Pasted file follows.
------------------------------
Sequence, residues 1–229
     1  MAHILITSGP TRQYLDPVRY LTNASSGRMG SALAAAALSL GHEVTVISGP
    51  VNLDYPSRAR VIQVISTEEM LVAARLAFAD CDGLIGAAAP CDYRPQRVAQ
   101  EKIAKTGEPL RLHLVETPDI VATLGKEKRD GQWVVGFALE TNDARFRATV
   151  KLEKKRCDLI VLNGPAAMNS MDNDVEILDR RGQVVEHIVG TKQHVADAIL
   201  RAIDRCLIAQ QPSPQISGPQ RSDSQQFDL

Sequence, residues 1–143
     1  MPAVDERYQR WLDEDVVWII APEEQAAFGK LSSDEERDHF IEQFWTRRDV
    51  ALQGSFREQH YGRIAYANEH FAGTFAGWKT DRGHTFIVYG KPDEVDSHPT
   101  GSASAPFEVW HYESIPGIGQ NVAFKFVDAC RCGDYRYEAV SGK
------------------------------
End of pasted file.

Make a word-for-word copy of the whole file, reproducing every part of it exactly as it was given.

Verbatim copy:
Sequence, residues 1–229
     1  MAHILITSGP TRQYLDPVRY LTNASSGRMG SALAAAALSL GHEVTVISGP
    51  VNLDYPSRAR VIQVISTEEM LVAARLAFAD CDGLIGAAAP CDYRPQRVAQ
   101  EKIAKTGEPL RLHLVETPDI VATLGKEKRD GQWVVGFALE TNDARFRATV
   151  KLEKKRCDLI VLNGPAAMNS MDNDVEILDR RGQVVEHIVG TKQHVADAIL
   201  RAIDRCLIAQ QPSPQISGPQ RSDSQQFDL

Sequence, residues 1–143
     1  MPAVDERYQR WLDEDVVWII APEEQAAFGK LSSDEERDHF IEQFWTRRDV
    51  ALQGSFREQH YGRIAYANEH FAGTFAGWKT DRGHTFIVYG KPDEVDSHPT
   101  GSASAPFEVW HYESIPGIGQ NVAFKFVDAC RCGDYRYEAV SGK